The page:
Ready to geek out on outdoors gear? Combining climbing, high altitudes, camping and extreme winter weather, mountaineering is probably the most gear-intensive sport there is. And here’s your ultimate guide to the best gear for it. »
As the highest point in the contiguous United States, Mt. Whitney stands at 14,505 feet tall. Easy accessibility makes it a prime destination for hikers and climbers from around the world. We’ve hiked it, mountaineered it and rock climbed it, and here’s how you can do any of that too. »
According to Hemingway, “There are only three sports: bullfighting, motor racing, and mountaineering; all the rest are merely games.” I just learned that last one. Here’s how you can too. »
At less than 500 grams, these new Salomon S-LAB X ALP CARBON GTXs are the lightest mountaineering boots ever. That means they’re uninsulated, lack ankle support and aren’t compatible with traditional crampons. Can you still climb a mountain in them? We summited Rainier to find out.
Altitude sickness can make you dizzy, nauseous, and, in extreme cases, can even kill you. All of us at IndefinitelyWild have experienced it. Here’s what we’ve learned and how you can minimize its symptoms.
You know this ridge line. The Cerro Fitz Roy is so distinct that legendary mountaineer Yvon Chouinard made it the logo for his outdoors gear company — Patagonia. And now, for the fist time, two men have traversed it from start to finish. »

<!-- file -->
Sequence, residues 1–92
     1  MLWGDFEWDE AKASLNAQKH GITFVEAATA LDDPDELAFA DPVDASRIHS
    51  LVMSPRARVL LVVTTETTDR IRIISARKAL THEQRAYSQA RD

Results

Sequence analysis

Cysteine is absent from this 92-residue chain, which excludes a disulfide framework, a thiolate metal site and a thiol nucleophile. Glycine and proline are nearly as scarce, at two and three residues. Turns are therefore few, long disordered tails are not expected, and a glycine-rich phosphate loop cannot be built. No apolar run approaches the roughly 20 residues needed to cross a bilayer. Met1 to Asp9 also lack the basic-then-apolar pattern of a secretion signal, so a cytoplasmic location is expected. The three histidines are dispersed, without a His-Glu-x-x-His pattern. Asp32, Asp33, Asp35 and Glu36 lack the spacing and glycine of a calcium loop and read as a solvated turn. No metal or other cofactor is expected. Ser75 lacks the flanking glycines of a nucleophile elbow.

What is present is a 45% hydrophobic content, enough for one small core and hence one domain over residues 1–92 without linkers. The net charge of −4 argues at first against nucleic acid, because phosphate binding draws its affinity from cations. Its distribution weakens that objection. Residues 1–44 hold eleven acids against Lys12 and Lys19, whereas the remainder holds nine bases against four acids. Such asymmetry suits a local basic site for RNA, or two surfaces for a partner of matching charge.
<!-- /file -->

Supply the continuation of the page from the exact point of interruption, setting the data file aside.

What clothes, computer, ice axe, and backpack does a photographer and writer for an adventure travel site fall back on when he's going to be going up against the unpredictability of nature, while traveling unsupported around the world? This is the best of the best, the stuff I took with me to adventure around the… »
This is a brutally honest account of my first Himalayan climb — an attempt on the 20,305' Imja Tse — more popularly known as Island Peak. While it's a baby by Himalayan standards only a few other points on earth outside of Asia reach a higher altitude. »
In 1953, Sir Edmund Hillary and Sherpa Tenzing Norgay were the first people to summit Mt. Everest. Their expedition started in Kathmandu, and led them to the village of Jiri; from there they trekked across 100 miles of mountains and jungle. We just hiked the same exact route.
Mount Everest might be the be-all, end-all of mountaineering, but it's also a dumping ground for the climbers striving upon its face—which is littered, as National Geographic puts it, "with garbage leaking out of the glaciers and pyramids of human excrement befouling the high camps." This week, Nepal announced a new… »
Backpacks have an inherent trade-off—the larger they are, the more they can carry. Corollary: the bigger the bag, the more it weighs. The new Quasar line from Terra Nova Equipment is both strong and light—they use the same material as yacht sails. »
For some people, weather means nothing; they have to get outside and into nature no matter what. Here's the thing, though: without the right gear, they will die out there. Here's some of the sweetest cold-weather camp gear around. »
British climber Adam Potter fell 1,000 feet down the side of a mountain in the Scottish Highlands. A helicopter crew found him half an hour later, standing on his feet reading a map. How did he survive? »
The Mountain Hardware Stronghold Camping Tent shields you from even the most horrific elements, constructed in a dome shape with some of the strongest geometry known to man. While it's not that McMansion where you usually hang out, it still has two doors, a roof vent for staring into space late into the night, and… »